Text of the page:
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HOW TO BE A MAN Instructions for Proper Male Behavior from Classroom Films of the 1940s -'70s.
From the AV/Geeks Film Library
For centuries, parents have struggled to usher their children through the magical, often treacherous, journey to adulthood. But in mid-century America, a new form of tutelage was engineered: the classroom film. Suddenly, the prickly issues of sexual development and juvenile delinquency could be addressed in tidy, ten-minute sermons disguised as dramas. To deal with the subtleties of behavior and the importance of fitting in, "social guidance" films were made on such topics as coping with failure (Planning For Success) and teasing (The Other Fellow's Feelings).
The films in this collection - curated and introduced by Skip Elsheimer, founder of the A/V Geeks educational film archive - sample some of the lessons that were routinely taught to boys. In them, one sees slices of Americana, discovers the world of educational cinema (with a language all its own), and gains an insight into the hopes and fears of the parents and educators who relied on the power of cinema to initiate, educate and indoctrinate the young.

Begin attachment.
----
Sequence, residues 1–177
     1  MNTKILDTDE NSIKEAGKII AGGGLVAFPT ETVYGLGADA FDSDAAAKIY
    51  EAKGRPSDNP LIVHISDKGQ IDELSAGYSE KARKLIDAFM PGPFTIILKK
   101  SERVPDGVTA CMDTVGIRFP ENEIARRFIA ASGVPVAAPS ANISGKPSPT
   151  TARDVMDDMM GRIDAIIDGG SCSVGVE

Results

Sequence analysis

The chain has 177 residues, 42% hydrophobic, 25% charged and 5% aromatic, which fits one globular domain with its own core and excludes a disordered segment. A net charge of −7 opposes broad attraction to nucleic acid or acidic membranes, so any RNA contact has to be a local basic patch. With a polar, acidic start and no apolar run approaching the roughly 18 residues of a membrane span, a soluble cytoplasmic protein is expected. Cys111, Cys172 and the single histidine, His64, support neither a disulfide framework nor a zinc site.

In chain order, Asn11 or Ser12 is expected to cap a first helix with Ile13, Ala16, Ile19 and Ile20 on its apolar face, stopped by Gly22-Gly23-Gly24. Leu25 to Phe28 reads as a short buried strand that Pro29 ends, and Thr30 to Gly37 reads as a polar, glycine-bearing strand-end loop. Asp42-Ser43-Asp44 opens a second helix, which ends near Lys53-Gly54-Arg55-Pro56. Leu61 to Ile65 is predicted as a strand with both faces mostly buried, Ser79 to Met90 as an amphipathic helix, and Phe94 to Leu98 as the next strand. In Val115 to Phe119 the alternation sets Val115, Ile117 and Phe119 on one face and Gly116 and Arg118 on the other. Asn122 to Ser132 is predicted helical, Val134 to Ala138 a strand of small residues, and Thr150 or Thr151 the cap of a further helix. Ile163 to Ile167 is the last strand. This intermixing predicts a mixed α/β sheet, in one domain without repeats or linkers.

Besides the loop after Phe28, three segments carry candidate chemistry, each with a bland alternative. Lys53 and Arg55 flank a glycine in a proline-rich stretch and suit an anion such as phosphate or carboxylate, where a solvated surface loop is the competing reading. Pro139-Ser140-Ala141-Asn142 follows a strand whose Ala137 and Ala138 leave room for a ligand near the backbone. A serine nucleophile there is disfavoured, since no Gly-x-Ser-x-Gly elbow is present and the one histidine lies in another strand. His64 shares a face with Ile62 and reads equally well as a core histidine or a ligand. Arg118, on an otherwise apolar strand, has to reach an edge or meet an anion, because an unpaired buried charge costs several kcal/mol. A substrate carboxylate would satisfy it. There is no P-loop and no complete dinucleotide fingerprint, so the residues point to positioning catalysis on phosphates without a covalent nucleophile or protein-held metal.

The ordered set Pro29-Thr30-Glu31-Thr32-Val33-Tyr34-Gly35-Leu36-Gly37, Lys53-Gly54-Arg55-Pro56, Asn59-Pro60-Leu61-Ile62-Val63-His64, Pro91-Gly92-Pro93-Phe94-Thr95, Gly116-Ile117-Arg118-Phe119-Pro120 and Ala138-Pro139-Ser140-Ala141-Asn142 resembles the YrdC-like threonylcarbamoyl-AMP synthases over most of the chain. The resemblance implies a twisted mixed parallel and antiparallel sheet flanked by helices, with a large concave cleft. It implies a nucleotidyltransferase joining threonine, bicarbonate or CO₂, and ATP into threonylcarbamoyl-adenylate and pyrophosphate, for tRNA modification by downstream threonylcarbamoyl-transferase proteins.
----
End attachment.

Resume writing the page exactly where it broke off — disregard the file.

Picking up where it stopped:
This collection was mastered from vintage 16mm prints circulated among schools and rescued, decades later, by collectors. The image and sound quality of these orphan films do not conform to Kino's usual standard.
Curated by Skip Elsheimer.
Produced for video by Bret Wood.